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J Biol Chem. 1992 May 5;267(13):9101-6.

The human leukocyte platelet-activating factor receptor. cDNA cloning, cell surface expression, and construction of a novel epitope-bearing analog.

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Department of Pediatrics, Children's Hospital, Boston, Massachusetts 02115.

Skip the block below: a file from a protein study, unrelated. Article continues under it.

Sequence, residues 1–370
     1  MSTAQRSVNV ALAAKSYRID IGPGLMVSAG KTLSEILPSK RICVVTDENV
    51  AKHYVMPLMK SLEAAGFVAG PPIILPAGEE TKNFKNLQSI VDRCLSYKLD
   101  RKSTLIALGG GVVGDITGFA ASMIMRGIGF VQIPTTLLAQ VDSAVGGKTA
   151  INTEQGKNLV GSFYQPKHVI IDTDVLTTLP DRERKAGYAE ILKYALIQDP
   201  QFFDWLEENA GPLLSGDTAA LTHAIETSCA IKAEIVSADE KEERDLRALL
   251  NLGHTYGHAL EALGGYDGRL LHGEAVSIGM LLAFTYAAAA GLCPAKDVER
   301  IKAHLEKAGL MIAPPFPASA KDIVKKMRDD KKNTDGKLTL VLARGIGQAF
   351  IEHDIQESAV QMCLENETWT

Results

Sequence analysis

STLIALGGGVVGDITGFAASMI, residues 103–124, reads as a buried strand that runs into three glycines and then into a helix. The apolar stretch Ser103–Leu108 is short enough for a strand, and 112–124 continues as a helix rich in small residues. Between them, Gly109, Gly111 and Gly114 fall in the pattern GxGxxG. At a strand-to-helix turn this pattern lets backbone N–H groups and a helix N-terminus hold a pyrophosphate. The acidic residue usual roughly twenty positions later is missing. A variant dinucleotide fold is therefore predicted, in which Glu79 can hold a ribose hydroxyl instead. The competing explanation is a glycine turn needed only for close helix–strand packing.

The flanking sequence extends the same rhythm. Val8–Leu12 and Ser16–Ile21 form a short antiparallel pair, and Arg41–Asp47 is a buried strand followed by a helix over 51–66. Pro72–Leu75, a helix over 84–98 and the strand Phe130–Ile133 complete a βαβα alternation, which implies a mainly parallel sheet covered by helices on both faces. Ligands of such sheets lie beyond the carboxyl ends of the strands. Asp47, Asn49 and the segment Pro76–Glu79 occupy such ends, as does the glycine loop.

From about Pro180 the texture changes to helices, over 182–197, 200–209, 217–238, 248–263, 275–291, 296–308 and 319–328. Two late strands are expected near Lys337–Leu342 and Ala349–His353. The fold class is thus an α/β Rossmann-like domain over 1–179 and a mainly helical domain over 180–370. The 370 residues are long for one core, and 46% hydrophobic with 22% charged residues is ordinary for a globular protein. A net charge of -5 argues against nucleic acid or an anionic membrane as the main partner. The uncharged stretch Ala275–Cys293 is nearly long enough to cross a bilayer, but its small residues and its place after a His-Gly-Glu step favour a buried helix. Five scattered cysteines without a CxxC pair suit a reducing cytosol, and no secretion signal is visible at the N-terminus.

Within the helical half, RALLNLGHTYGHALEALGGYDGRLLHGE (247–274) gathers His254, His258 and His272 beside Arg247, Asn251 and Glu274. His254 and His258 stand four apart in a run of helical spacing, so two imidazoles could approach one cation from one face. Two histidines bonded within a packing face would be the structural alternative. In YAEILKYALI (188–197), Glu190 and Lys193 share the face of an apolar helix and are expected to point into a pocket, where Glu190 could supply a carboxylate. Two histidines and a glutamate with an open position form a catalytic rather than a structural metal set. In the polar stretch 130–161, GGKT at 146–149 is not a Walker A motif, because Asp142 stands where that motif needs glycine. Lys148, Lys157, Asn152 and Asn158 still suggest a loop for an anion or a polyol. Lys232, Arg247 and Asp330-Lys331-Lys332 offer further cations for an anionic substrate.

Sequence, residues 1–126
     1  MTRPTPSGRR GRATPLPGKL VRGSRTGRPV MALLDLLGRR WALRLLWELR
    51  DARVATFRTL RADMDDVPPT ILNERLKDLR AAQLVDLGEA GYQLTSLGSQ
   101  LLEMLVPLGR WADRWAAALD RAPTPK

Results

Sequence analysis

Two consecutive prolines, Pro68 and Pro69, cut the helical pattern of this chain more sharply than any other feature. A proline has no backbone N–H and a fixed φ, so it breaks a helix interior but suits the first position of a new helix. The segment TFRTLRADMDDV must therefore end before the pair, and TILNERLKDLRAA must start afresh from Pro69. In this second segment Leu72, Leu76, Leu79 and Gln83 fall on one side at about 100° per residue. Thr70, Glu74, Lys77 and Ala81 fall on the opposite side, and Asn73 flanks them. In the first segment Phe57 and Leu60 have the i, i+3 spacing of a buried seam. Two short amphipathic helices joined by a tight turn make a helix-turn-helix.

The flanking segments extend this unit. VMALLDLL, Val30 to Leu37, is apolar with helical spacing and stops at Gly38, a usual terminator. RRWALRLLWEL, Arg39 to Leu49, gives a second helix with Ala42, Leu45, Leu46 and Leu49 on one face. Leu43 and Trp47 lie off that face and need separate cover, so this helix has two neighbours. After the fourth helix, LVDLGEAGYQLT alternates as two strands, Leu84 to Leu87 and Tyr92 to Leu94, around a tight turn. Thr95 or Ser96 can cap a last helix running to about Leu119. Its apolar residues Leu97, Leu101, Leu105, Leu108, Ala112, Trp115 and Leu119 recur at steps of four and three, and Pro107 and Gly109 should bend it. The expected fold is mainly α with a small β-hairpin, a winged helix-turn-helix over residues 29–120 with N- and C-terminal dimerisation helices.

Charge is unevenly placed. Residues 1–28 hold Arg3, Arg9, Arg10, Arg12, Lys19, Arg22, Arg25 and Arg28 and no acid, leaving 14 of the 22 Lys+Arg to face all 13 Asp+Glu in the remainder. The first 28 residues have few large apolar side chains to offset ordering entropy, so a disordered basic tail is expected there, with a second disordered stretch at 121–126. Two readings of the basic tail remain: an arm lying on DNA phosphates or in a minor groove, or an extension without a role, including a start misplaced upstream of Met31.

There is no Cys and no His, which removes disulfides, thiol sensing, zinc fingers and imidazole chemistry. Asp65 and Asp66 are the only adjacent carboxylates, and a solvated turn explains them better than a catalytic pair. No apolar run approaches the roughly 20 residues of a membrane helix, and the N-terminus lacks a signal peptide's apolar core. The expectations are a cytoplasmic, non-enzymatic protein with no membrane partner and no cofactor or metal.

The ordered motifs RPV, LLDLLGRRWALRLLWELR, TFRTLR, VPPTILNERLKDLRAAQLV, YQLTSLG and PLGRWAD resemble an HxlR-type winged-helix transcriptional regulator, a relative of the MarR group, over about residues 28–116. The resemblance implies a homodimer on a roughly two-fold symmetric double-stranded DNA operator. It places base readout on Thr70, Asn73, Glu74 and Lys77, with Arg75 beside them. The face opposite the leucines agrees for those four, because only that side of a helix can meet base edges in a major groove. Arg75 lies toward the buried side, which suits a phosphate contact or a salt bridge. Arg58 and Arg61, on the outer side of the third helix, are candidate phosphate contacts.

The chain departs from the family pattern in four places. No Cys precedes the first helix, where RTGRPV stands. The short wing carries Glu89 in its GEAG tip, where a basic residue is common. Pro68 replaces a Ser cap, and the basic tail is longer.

A human myeloid transcript of approximately 4 kilobases was cloned as a cDNA from an expression library based on homology with the guinea pig cDNA recently described by Honda et al. (Honda, Z-I., Nakamura, M., Miki, I., Minami, M., Watanabe, T., Seyama, Y., Okado, H., Tok, H., Ito, K., Miyamato, T., and Shimizu, T. (1991) Nature 349, 342-346) as a receptor for platelet-activating factor (PAF). The cloned DNA confers high affinity binding sites for platelet-activating factor when transfected into COS-7 cells and has binding and desensitization properties similar to the human leukocyte receptor. Southern analysis using this cDNA indicates that the PAF receptor gene is present as a single copy in the human genome. The deduced protein sequence predicts seven hydrophobic regions for the PAF receptor, characteristic of the rhodopsin gene family, and is 83% identical to the deduced protein sequence of the corresponding guinea pig molecule. A modified human PAF receptor cDNA was constructed by inserting an additional 30 nucleotides after the 5'-ATG, encoding the amino acid sequence MDYKDDDDKEF, which is specifically recognized by a monoclonal antibody. The modified cDNA encodes a functional PAF receptor and is detected by antibody on the membrane of transfected COS-7 cells. The use of this construct supports the structural model for the rhodopsin-like superfamily of receptors which places the NH2-terminal sequence on the extracellular side of the membrane, and should additionally be useful for affinity purification of the receptor protein.

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